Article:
So come along now. Humour me for a moment. How many times do you change your clothes in any 24 hour period? Yes, I know that there might be a few variables in there. Depends upon which day you're talking about because Wednesday is gym day. [translation = attend 'work –out' place] On Thursdays you go to see a film. On Friday you might meet a few pals in the evening. Perhaps, if it's Winter, you forget your umbrella. You might experience a downpour. Life is full of little unexpecteds, as well as plans, that mean a change of clothes may be needed.
Laundry occupies more of my life than I anticipated. It’s hard not to notice, as it’s stacked in heaps all over the house. I have a tendency to complain about this job a good deal. I am very good at it, complaining that is, not laundry. When it comes to moaning, I have a head start on my contemporaries, because Brits are of a pessimistic nature. Where your American glass is half full, ours is definitely half empty. Indeed somebody probably stole the contents. Furthermore, when we find out who that somebody was, we'll remove their outer clothing, put itching powder in their underwear, and tie them to a lamppost. I suspect this kind of behaviour hasn't spread to America, due to a shortage of lampposts, as itching powder is freely available. I've checked. When it comes to prioritizing appropriate punishments, then public humiliation comes pretty high on the list. But I digress.
One average family can produce quite a lot of laundry. If you ignore the matter of wet beds, mop up towels, bath towels and the big stuff, you’re still left with considerable quantities of clothing. This is especially so, in Winter where more clothes are worn. Not only more clothes but they bigger ones, ones with a greater surface area due to long sleeves and legs. Socks become a necessity rather than an optional extra. Outer wear, in the form of jackets, coats, gloves and hats, also feature. All these items become dirty.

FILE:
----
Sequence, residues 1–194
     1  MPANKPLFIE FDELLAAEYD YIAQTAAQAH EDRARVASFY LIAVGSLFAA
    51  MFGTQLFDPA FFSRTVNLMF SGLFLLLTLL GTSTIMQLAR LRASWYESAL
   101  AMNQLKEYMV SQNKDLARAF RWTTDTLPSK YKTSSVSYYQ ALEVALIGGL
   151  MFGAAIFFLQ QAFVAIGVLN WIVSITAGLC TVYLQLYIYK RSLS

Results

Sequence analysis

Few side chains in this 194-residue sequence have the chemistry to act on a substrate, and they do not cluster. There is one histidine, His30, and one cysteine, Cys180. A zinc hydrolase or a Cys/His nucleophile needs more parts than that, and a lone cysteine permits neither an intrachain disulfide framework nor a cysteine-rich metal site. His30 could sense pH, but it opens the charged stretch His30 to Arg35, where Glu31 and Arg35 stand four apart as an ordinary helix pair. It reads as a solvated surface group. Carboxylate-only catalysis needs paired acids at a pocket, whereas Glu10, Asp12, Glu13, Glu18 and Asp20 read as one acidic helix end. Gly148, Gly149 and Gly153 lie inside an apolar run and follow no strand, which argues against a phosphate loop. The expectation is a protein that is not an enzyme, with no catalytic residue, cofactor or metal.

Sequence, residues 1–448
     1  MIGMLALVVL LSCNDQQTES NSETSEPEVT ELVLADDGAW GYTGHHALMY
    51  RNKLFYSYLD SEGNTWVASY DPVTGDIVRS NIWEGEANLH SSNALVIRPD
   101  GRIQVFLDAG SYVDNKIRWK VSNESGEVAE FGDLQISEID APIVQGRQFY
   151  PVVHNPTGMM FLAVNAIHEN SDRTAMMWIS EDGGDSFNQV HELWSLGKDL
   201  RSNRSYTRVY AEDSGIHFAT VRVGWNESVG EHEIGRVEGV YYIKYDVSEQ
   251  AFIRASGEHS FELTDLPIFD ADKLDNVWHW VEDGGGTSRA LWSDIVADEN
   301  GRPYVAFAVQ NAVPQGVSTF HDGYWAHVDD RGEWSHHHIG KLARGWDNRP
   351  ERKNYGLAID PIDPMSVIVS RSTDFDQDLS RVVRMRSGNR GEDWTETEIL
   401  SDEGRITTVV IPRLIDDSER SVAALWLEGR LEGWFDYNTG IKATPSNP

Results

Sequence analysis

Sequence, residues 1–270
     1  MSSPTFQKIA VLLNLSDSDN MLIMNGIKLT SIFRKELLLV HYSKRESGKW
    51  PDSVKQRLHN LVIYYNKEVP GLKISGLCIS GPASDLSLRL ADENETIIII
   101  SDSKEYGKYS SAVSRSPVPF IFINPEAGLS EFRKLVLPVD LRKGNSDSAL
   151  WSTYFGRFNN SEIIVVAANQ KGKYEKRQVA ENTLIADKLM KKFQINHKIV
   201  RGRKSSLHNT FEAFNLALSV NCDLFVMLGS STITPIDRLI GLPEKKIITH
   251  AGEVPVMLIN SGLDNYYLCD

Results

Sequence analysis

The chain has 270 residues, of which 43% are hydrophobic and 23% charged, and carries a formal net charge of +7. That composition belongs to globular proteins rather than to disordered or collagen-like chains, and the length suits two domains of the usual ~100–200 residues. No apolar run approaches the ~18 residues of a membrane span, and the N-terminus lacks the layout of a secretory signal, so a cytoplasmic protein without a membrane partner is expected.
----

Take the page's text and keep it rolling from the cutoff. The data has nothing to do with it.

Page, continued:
If they remained on people's bodies for longer than a nano second, it is just conceivable that they might become dirty on the inside. Fortunately for us, such an occurrence is rare. Instead they become dirty on the outside, often.
This is not because they are particularly naughty, they are only averagely naughty. Indeed it is quite often when they are trying especially hard to be 'good,' that they make the most dirt. We have reached the stage of development where occasionally, if I'm very lucky, someone might be persuaded to 'help.' Helping is a messy business, mainly due to the inefficiency of physically moving parts of the body, such as arms, legs and hands. On the whole these body parts refuse to act in concert, instead they prefer to work independently from one another, causing no end of chaos, angst and dirt.
Since teaching 'competence,' is also an ongoing campaign, the net result is of course, more laundry. This household is an ecological disaster area. If the environmentalists ever discover how much water and soap we use, we're likely to be deported to some remote island. There again, a remote island might not be too fussy about nudity. I could kill two birds with one cake of soap. Pass me a map somebody.